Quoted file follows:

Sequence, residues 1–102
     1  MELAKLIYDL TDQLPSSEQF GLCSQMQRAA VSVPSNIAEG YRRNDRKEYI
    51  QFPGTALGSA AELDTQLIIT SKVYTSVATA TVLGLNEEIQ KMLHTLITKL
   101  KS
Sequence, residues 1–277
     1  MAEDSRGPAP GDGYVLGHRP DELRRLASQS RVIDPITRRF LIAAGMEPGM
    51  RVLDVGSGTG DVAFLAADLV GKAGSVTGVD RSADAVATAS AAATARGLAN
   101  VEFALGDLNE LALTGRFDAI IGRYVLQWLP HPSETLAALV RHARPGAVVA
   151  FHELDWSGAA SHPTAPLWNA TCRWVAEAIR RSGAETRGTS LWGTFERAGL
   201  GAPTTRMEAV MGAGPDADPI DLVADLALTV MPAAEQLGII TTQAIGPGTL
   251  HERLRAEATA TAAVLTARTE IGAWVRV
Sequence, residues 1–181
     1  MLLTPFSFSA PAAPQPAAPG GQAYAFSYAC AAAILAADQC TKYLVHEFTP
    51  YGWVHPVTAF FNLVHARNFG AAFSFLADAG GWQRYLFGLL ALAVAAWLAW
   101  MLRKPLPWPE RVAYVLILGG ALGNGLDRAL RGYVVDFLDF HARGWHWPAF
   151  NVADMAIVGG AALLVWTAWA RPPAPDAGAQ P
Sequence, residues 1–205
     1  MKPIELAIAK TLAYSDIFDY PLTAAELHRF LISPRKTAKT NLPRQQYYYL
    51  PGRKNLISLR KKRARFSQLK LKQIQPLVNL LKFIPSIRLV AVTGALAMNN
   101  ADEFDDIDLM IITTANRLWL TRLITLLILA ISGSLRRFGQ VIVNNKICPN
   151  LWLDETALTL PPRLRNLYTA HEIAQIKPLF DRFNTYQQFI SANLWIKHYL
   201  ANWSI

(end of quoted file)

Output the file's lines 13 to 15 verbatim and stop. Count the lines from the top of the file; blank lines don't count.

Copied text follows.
     1  MLLTPFSFSA PAAPQPAAPG GQAYAFSYAC AAAILAADQC TKYLVHEFTP
    51  YGWVHPVTAF FNLVHARNFG AAFSFLADAG GWQRYLFGLL ALAVAAWLAW
   101  MLRKPLPWPE RVAYVLILGG ALGNGLDRAL RGYVVDFLDF HARGWHWPAF